Massachusetts Institute of Technology
Department of Chemical Engineering





Trout Group Member

Dr. Curtiss P. Schneider
Postdoctoral Associate

Department of Chemical Engineering
Massachusetts Institute of Technology
Room: E19-536
77 Massachusetts Ave.
Cambridge, MA 02139 USA

Phone: (617) 253-6585
Fax: (617) 253-2272


B.S. Chemical Engineering from Colorado School of Mines – May, 2004

Ph. D. Chemical Engineering, Massachusetts Institute of Technology - Dec 2010

Research Summary

Stabilizing Proteins Against Aggregation

Proteins in solution have a tendency to aggregate due to favorable free energy for the reduction of solvent-accessible area, particularly of hydrophobic groups. Proteins in the aggregated state generally do not have the same biological activity as proteins in the native state, they can often be immunogenic, and my even have acute toxic effects in vivo. This is an especially grave problem for the pharmaceutical industry, where it is desired to store proteins at the highest possible concentration over long periods of time. Thus it is essential to develop strategies for preventing aggregation to extend the shelf life of therapeutic proteins.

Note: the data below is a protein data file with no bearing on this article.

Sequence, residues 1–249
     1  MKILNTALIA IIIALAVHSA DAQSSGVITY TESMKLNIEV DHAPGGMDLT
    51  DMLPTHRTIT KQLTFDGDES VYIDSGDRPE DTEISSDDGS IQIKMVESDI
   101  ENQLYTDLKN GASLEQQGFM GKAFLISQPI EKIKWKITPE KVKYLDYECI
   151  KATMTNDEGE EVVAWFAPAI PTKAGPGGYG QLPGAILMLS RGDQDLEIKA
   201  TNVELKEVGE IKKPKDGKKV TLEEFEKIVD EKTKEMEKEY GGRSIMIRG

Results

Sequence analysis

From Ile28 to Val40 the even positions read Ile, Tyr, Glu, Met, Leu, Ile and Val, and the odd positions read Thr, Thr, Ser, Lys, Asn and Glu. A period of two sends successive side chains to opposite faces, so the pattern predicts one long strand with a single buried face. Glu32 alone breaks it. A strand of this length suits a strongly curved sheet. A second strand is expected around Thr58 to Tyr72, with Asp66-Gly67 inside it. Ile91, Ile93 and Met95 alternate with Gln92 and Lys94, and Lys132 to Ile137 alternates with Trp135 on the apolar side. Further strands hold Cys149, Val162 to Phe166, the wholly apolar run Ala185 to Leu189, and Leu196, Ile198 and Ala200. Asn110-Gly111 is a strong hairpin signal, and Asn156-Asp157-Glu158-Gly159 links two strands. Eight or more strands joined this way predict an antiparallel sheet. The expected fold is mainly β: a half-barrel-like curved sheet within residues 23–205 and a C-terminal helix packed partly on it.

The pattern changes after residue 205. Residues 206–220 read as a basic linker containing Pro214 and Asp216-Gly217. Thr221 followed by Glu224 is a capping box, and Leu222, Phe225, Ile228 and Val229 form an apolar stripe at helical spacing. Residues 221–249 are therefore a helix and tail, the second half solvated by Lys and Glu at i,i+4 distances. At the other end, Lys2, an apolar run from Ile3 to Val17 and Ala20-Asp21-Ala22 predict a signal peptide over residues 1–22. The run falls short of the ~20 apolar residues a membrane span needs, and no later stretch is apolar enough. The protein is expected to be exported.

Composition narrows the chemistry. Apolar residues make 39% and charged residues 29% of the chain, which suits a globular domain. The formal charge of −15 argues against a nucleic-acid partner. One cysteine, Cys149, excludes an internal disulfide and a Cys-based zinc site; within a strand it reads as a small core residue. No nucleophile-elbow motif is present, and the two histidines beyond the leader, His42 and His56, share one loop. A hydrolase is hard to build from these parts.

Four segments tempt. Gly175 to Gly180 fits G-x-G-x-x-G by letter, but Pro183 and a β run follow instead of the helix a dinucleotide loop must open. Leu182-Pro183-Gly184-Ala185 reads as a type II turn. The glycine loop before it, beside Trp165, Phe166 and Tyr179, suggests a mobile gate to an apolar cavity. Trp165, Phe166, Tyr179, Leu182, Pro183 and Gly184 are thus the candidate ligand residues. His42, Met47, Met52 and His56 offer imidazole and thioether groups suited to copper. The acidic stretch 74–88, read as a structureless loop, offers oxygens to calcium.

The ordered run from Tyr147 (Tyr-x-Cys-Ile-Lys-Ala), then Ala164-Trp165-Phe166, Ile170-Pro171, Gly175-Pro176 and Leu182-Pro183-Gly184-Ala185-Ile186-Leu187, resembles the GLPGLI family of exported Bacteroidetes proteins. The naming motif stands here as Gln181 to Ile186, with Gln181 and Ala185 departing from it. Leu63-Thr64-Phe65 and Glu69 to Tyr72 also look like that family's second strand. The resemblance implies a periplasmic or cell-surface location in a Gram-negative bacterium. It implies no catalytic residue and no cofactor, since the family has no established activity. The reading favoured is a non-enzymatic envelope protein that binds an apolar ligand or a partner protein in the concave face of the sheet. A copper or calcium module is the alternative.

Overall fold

One such strategy is the use of “neutral crowder” additives. In this case, there is the potential for a “gap effect” to arise if the additive is significantly larger than the primary solvent. This effect is analogous to osmotic stress. The large additive will be excluded from solvating the gap between protein molecules for steric reasons, thus increasing the free energy of the protein-protein encounter complex. If the additive does not interact with the isolated protein any differently than water, the primary effect is an increase in the activation energy of the protein association reaction, thus slowing the rate of aggregation.


Last Updated: January 24, 2011